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Why the FHA Home Loan is the Best Option for You

FHA Loan
In: Business

Are you looking to buy a home in the near future? If so, you probably already know that there are several different types of loans available to help you finance your purchase. In order to decide which loan is best for you, though, it’s important to understand the pros and cons of each one, as well as how much money each type requires upfront. This article will explain why the FHA home loan in South Lyon MI, or Federal Housing Administration loan, should be your first choice when buying your new home.

What is an FHA loan?

An FHA loan (or, Federal Housing Administration loan) is a home financing option that allows you to borrow more money than a traditional mortgage would allow. While traditional loans use your credit score and debt-to-income ratio as a means of deciding how much you can borrow, FHA loans let you borrow more by factoring in your lower down payment and higher credit scores. For example, someone with an annual income of $50,000 and excellent credit could qualify for an FHA loan that allows him or her to purchase a $300,000 home. That’s possible because he or she only needs to put down 3.5 percent on a 30-year fixed-rate mortgage with an interest rate of 5 percent.

Minimum down payment amounts

one thing that makes an FHA loan so attractive to many borrowers is its low-down-payment requirement. The minimum down payment on an FHA loan in Farmington MI varies by county and by the lender, but in most cases, you can get approved with just 3.5 percent or even less of your own cash upfront. For example, if you’re buying a $300,000 home in San Francisco County, California (or anywhere in Alameda County), your minimum down payment will be about $9,100—and that includes a one-time upfront mortgage insurance premium of 1.75 percent ($4,225). In contrast, conventional loans typically require 20 percent or more to qualify for financing.

Mortgage insurance premiums

Not all home loans require private mortgage insurance, also known as PMI. But if you’re getting an FHA loan—which lets more borrowers qualify for a home loan with lower down payments—PMI isn’t optional. It’s added on to your monthly payment and can vary based on credit score, loan amount and other factors. The good news: An FHA home loan comes with several perks designed to offset those costs, including streamlined paperwork and an escrow account that helps pay your property taxes and homeowners insurance. On top of that, though you’ll have PMI throughout your loan term, once you sell or refinance your home—or reach 20% equity in it—you won’t need it anymore.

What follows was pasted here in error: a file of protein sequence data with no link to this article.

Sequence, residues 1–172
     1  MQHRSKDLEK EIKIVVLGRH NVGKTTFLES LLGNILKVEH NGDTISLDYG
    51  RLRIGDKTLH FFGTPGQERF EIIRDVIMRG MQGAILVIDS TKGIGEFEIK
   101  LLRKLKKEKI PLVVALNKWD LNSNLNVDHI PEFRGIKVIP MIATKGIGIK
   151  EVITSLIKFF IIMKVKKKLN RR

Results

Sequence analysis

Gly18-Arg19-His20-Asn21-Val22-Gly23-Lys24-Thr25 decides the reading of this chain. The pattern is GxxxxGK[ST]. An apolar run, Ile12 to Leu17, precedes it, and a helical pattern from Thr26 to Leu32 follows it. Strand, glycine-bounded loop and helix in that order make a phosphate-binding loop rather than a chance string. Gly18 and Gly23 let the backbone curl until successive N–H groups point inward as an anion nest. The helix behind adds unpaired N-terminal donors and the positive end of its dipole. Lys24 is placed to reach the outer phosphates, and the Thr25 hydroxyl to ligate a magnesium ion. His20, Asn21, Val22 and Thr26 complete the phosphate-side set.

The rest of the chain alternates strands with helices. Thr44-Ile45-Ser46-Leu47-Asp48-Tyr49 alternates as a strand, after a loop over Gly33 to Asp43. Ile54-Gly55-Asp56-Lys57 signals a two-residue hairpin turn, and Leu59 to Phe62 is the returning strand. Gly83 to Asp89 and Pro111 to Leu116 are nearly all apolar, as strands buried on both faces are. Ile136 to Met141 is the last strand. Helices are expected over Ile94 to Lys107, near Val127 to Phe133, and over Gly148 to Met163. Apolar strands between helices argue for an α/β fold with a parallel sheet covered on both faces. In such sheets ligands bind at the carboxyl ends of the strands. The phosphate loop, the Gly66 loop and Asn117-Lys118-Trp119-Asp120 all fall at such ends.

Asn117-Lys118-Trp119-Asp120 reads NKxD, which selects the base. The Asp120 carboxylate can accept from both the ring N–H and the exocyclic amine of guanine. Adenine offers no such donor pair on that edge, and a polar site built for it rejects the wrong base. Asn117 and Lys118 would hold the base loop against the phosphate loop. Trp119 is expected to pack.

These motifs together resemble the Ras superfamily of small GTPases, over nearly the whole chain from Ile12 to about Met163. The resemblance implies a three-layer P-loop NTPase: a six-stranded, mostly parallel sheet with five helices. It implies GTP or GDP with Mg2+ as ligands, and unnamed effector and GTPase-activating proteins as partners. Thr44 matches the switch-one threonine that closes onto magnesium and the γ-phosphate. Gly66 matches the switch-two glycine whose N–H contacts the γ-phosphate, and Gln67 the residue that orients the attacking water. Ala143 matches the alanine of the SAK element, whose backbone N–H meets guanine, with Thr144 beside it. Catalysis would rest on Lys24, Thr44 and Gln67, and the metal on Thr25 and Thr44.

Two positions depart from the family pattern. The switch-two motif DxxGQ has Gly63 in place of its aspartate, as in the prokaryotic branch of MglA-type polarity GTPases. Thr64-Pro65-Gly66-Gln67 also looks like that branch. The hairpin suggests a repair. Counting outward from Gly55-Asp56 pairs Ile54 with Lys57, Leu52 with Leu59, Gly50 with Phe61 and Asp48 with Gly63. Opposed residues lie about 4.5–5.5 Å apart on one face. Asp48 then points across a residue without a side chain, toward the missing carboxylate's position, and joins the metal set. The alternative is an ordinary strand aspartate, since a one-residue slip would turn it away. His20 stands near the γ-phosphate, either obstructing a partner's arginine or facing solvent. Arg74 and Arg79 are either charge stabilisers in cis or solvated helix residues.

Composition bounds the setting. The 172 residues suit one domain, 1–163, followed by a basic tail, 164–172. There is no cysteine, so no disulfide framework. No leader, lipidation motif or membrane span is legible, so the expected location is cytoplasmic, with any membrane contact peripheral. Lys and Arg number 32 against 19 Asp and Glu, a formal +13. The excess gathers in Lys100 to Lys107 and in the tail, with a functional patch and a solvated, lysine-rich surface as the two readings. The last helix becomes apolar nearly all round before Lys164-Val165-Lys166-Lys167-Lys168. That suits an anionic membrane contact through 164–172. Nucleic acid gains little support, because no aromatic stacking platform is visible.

Repayment flexibility

If you’re self-employed or plan to start a business on your property, an FHA loan could be a good fit. If you have consistent income but fluctuating expenses, then an option-adjustable-rate mortgage might be ideal for you. The FHA also offers many different programs to help borrowers qualify more easily, so you can get a home loan even if your credit isn’t perfect. Still not sure what type of home loan best suits your needs? Contact a certified VA lender to determine which loan option will work best with your financial and personal situation.

Low closing costs

The low-down payment and mortgage insurance help save you money on closing costs. With most conventional loans, a 20% down payment is required. On top of that, mortgage insurance can cost up to 1% of your total loan amount every year. If you want to purchase a $300,000 home with a 20% down payment, your closing costs could end up being $30,000 just in principal and interest payments — not even counting property taxes or homeowner’s insurance! That’s why FHA loans are ideal: they help make homeownership accessible to more people by reducing their required down payment to as little as 3.5%. What’s more: there are no monthly mortgage insurance premiums with an FHA loan!

Who should NOT get an FHA loan?

The FHA finance in Dearborn MI was created with first-time homebuyers in mind, though you can also use it to refinance your existing mortgage. With an FHA loan, you pay a low mortgage insurance premium upfront; as long as you’re not delinquent on your monthly payments, there are no more out-of-pocket expenses once that’s paid off. However, because it’s such a good deal and risk profile, there are some situations in which it makes more sense to consider something else. For example: if you have a down payment above 3% (but below 20%), you might be better off considering a Fannie Mae or Freddie Mac loan.

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